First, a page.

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Best office chairs 2022: Which? Best Buys and expert buying advice

Choose the best office chair for your home with our top recommendations and buying tips.
Rebecca Jakeman

We'll help you to find the best office chair to work effectively from home. Whether you're looking for a stylish leather number, or prefer a streamlined mesh design, our buying advice will help guide you through the process of finding the right type of office chair for your posture.

Choosing one of our Best Buy recommendations based on our rigorous lab tests will ensure you end up with a reliable, long-lasting chair, too.

We've found office chairs that are comfortable, easy to assemble and safe to use. But we've also uncovered poor-performing products that will leave you feeling uncomfortable and even put you at risk of trapping your fingers.


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Best Buy office chairs for 2022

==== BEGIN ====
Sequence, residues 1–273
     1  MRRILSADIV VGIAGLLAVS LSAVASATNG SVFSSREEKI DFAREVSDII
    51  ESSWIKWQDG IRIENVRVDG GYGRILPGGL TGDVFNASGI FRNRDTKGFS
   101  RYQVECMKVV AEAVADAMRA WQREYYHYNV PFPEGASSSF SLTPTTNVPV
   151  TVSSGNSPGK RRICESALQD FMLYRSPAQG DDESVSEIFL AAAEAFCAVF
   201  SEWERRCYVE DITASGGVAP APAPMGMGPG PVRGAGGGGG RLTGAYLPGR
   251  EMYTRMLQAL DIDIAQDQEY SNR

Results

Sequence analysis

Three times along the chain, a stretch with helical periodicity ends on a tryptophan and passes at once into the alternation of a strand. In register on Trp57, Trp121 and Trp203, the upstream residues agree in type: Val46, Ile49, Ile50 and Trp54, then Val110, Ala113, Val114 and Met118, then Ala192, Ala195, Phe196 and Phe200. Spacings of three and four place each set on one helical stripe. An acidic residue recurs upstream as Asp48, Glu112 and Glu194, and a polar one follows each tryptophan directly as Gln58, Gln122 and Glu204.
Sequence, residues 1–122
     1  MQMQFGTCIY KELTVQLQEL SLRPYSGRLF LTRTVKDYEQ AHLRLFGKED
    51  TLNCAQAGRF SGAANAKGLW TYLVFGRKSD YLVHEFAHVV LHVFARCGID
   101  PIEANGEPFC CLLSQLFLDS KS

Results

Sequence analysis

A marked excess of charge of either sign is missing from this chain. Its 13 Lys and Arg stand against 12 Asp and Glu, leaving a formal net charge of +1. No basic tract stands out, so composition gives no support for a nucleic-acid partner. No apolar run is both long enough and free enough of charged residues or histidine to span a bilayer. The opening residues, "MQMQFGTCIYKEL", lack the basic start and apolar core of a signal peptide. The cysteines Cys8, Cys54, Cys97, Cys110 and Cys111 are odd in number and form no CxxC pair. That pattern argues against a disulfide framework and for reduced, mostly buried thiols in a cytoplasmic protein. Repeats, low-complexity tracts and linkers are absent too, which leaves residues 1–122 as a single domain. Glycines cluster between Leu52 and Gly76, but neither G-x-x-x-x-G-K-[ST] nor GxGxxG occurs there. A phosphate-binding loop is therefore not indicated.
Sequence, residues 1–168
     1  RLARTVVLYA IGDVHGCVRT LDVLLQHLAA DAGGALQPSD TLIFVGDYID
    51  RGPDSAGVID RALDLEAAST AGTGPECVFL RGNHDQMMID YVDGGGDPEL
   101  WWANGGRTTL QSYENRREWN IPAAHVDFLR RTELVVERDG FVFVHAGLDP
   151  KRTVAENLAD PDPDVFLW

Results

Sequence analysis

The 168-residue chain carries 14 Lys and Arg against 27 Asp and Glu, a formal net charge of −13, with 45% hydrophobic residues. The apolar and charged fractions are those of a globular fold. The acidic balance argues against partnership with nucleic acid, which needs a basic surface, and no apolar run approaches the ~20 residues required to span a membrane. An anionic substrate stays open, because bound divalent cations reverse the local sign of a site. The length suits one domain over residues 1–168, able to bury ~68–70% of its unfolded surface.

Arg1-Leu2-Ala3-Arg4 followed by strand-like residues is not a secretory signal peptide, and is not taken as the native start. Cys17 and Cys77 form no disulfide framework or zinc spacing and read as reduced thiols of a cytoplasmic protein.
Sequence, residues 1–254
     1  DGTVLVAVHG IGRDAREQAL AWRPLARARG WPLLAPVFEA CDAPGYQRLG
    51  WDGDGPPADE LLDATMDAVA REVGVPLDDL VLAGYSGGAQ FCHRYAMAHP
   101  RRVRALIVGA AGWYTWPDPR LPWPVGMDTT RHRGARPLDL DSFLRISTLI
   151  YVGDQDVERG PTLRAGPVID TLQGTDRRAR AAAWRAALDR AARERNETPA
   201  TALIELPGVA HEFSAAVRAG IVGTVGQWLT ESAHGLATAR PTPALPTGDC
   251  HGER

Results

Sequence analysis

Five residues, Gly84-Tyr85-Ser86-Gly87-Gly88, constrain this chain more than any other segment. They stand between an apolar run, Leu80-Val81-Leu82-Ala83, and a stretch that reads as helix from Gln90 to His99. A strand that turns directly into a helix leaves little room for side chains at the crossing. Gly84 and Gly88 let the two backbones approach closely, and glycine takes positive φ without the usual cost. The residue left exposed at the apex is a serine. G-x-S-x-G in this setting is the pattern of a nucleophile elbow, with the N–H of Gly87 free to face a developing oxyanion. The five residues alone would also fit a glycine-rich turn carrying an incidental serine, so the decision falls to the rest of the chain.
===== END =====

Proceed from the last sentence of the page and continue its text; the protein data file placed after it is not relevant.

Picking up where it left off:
Here's our pick of the top Best Buy office chairs, including the model that will offer you the best lumbar support during a long work day.

Only logged-in Which? members can view our recommendations below. If you're not yet a member, join Which? to get instant access to all our reviews.

Best overall office chair

    • best buy
    • Comfort
    • Overall ergonomic assessment
    • Ease of use

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Best office chair for lumbar support

    • best buy
    • Comfort
    • Overall ergonomic assessment
    • Ease of use

    Test score

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Ergonomic, mesh or leather: what’s the difference?

Whether this is your first time buying your own office chair, or you're looking for a replacement for your old one, our expert guide can help. We've covered everything, from key features to look out for to how much you can expect to pay.

One of the first decisions you'll need to make is what type of office chair you'd prefer. Once you've decided on your material and budget, head straight to our office chair reviews to find the most suitable choice for you.

We've summarised the main pros and cons of a few key categories below.

Ergonomic office chairs

Ergonomic office chair

These are increasing in popularity, as many people are working longer hours from home and therefore need increased support.

Ergonomic chairs are designed to support the natural shape of the spine, which in turn prevents slumping and reduces stress on other parts of the body. You might have seen them referred to as '24-hour chairs', 'big and tall chairs' or 'petite and small chairs'.